In these cases, the judge decided that, if the trustees didn’t take account of GMP equalisation when deciding the amount of the transfer payment, this could make the trustees’ decision to pay the unequal transfer payment potentially invalid. However, it would require an application to the court from an affected member to challenge the decision.

Bulk transfers

The position in relation to bulk transfers is similar to the position in relation to non-statutory transfers. However, as they are done without consent, they must also satisfy the requirements of the Preservation Regulations.

The judge said that “where regulation 12 [of the Preservation Regulations] has been complied with and the bulk transfer was in accordance with the rules of the transferring Scheme, then the transferring members are entitled to benefits under the receiving scheme and are no longer entitled to benefits under the transferring scheme”.

The judge was asked to assume that mirror image benefits would be provided on a bulk transfer. This however is not always the case. Schemes that have made or received bulk transfers may want to check the terms of their rules for the transferred liabilities and the terms of the original transfer agreement.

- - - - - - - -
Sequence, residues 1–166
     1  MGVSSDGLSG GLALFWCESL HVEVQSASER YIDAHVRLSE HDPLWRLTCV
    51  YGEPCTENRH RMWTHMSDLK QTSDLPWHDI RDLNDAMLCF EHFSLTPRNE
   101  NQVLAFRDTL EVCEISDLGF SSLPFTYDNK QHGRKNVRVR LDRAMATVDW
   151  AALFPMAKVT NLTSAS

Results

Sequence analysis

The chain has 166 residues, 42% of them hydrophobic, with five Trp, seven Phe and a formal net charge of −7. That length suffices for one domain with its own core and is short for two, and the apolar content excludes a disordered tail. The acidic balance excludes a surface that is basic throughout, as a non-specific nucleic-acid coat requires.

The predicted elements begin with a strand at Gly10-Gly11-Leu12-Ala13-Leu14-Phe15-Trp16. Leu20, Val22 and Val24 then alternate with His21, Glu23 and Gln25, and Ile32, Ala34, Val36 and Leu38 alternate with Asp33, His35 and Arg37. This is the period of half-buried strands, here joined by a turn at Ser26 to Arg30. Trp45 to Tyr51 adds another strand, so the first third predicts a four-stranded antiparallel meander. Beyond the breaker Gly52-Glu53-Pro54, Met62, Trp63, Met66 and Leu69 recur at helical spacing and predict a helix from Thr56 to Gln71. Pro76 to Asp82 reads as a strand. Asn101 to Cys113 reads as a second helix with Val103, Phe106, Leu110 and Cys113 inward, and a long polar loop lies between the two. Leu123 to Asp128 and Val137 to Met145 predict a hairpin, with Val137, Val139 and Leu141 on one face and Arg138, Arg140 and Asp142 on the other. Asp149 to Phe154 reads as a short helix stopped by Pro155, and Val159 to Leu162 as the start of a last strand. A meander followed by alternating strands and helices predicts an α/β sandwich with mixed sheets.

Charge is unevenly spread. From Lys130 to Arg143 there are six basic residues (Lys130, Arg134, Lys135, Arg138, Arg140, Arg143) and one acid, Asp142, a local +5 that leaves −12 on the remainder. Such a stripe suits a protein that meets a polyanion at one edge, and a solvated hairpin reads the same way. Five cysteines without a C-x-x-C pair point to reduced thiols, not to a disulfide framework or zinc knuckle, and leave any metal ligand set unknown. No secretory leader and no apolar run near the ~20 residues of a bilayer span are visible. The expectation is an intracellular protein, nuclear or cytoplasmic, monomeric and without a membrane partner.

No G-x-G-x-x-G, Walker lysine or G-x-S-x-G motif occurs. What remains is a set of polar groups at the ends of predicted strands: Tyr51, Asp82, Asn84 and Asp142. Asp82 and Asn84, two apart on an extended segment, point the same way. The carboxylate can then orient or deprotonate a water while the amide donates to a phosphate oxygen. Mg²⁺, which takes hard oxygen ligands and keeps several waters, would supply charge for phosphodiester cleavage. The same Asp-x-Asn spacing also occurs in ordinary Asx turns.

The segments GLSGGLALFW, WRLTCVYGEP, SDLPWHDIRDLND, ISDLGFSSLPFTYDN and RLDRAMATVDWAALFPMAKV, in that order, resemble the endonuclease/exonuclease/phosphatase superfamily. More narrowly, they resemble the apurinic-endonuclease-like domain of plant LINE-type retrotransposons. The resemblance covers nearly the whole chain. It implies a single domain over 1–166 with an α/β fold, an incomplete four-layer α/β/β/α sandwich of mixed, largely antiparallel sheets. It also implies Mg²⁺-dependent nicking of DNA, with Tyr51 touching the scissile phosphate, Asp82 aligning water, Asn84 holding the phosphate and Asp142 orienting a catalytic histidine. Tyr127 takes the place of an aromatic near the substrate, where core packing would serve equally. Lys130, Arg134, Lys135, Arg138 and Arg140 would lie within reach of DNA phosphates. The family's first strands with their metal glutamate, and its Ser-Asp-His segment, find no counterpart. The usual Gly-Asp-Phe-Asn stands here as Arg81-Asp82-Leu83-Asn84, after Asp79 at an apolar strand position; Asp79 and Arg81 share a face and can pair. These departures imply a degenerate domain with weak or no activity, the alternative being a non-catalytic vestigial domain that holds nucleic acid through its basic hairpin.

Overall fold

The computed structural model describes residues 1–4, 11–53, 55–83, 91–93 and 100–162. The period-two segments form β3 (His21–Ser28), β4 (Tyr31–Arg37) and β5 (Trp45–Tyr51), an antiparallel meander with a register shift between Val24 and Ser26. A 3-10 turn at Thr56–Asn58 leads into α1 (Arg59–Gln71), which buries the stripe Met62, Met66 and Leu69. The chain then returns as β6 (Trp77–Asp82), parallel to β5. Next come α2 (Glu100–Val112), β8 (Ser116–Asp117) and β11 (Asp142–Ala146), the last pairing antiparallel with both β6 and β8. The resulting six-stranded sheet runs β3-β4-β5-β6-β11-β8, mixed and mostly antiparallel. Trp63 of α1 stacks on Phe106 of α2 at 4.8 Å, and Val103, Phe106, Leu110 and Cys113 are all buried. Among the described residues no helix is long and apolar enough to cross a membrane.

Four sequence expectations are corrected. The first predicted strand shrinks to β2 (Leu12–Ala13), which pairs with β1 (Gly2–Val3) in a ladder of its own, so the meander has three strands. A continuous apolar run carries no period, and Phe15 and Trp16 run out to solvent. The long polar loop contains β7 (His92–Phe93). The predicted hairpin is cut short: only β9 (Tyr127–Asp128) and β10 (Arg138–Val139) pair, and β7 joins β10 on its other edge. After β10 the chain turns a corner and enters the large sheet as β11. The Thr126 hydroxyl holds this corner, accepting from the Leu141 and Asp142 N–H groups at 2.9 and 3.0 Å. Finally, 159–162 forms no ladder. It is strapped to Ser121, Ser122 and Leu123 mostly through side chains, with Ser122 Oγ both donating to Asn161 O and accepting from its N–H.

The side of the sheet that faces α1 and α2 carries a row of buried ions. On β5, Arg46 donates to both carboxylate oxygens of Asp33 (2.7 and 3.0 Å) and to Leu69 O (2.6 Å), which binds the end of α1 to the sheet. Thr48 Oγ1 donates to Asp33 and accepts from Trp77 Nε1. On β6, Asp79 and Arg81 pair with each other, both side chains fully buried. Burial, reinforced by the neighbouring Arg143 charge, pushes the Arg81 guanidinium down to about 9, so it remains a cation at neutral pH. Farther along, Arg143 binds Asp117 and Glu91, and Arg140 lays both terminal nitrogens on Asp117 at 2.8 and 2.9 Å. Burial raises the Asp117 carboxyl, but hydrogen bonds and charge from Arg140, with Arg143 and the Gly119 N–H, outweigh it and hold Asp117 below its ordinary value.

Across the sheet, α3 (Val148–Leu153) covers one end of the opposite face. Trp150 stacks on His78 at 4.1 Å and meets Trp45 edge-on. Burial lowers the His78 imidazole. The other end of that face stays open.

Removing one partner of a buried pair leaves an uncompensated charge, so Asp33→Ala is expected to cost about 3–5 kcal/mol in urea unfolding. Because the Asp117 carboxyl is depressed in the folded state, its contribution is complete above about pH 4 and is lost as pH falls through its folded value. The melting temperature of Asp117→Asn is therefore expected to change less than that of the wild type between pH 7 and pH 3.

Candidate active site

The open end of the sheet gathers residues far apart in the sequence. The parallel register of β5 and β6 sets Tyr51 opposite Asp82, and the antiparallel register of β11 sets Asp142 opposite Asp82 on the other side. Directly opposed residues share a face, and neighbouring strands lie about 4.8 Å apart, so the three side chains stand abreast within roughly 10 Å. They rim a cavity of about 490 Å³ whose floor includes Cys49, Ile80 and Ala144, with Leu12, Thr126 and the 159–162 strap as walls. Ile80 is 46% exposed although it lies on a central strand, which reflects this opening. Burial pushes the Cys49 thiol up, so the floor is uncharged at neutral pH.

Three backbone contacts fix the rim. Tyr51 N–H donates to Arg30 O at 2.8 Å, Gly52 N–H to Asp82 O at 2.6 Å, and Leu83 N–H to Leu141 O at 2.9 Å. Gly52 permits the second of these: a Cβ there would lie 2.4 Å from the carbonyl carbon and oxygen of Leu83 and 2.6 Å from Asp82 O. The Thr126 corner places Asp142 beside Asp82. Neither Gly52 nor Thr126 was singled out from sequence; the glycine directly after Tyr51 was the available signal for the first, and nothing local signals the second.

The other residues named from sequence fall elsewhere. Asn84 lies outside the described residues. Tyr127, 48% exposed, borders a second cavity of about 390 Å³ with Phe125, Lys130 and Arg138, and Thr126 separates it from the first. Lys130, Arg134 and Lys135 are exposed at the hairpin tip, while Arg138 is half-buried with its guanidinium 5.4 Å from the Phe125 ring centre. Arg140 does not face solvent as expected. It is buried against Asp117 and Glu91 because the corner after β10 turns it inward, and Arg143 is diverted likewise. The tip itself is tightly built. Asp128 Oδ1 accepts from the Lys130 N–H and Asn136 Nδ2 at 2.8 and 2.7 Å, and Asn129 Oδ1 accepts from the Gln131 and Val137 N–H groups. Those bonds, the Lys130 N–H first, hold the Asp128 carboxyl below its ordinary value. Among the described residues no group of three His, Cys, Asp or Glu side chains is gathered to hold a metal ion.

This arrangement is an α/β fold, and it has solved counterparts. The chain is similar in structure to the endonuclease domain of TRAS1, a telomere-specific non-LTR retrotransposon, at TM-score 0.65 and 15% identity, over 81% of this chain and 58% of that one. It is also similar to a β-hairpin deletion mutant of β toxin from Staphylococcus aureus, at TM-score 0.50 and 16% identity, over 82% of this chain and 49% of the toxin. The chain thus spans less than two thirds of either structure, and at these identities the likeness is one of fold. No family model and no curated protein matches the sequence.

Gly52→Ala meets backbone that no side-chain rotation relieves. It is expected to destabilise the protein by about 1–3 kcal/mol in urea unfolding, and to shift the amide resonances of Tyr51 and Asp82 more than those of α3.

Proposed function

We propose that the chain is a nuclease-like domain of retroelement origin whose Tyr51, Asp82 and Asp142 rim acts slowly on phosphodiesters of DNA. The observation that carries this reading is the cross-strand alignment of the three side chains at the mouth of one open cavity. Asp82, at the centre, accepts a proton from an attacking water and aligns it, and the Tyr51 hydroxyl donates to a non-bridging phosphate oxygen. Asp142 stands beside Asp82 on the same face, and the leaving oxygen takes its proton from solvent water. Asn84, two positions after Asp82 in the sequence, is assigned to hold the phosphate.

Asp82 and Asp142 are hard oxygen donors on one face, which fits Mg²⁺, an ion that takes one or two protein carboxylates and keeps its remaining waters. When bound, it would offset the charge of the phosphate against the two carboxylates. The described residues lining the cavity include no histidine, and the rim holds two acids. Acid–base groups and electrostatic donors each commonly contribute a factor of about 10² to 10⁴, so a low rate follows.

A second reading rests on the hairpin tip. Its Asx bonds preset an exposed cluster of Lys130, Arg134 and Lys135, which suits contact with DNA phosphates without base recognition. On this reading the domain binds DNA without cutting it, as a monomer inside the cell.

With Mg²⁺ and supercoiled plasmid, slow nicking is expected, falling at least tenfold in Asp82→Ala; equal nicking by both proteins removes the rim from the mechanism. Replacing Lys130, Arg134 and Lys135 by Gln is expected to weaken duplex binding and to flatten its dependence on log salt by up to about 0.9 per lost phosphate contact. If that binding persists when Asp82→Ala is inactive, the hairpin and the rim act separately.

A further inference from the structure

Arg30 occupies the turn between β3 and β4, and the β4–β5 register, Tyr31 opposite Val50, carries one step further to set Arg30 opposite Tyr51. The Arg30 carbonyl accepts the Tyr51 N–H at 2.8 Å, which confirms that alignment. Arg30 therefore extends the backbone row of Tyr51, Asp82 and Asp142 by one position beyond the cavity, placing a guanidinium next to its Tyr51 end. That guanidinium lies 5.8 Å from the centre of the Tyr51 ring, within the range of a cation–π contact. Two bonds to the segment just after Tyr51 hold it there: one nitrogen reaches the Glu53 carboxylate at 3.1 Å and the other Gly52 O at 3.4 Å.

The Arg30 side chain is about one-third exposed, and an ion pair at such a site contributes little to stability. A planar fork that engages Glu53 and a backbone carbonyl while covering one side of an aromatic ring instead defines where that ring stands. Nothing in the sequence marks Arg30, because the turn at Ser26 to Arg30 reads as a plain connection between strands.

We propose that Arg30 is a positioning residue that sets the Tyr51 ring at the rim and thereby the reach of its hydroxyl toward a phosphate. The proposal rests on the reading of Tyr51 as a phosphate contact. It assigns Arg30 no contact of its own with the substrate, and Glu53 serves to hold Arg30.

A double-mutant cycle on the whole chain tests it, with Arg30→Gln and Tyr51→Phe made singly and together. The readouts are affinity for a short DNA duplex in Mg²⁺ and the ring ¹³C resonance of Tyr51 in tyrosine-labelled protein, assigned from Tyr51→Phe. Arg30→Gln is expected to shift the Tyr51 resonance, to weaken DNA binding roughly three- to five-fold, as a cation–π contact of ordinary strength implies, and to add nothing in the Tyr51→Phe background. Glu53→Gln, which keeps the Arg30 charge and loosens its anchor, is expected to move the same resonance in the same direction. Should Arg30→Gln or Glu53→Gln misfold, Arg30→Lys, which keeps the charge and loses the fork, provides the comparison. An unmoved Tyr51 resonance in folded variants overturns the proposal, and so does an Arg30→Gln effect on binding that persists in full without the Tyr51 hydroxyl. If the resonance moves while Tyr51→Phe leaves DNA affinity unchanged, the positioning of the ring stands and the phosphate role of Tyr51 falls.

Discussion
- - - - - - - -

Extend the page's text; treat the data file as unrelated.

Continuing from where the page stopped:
Are transferring trustees still ‘on the hook’?

Potentially – yes.

Statutory discharge? The law gives transferring trustees a statutory discharge if they have “done what is needed to carry out” a statutory transfer request. The judge in Lloyds 3 however concluded that this could not be relied upon to give a discharge where the trustees had paid a lower transfer value than that to which the member was actually entitled (because of GMP equalisation).

Scheme rules? If the scheme rules include a discharge on transfers, this will not help in relation to statutory transfers. This is because a discharge in scheme rules will not override the legal obligation to pay a transfer value calculated on an equalised basis.

In relation to a non-statutory transfer, so long as the trustees’ decision was not voided by the court, a discharge in the scheme rules could be binding.

Where a bulk transfer satisfied the requirements of the Preservation Regulations, the trustees could be validly discharged, although again it should be noted that the questions the judge was asked related to mirror image bulk transfers.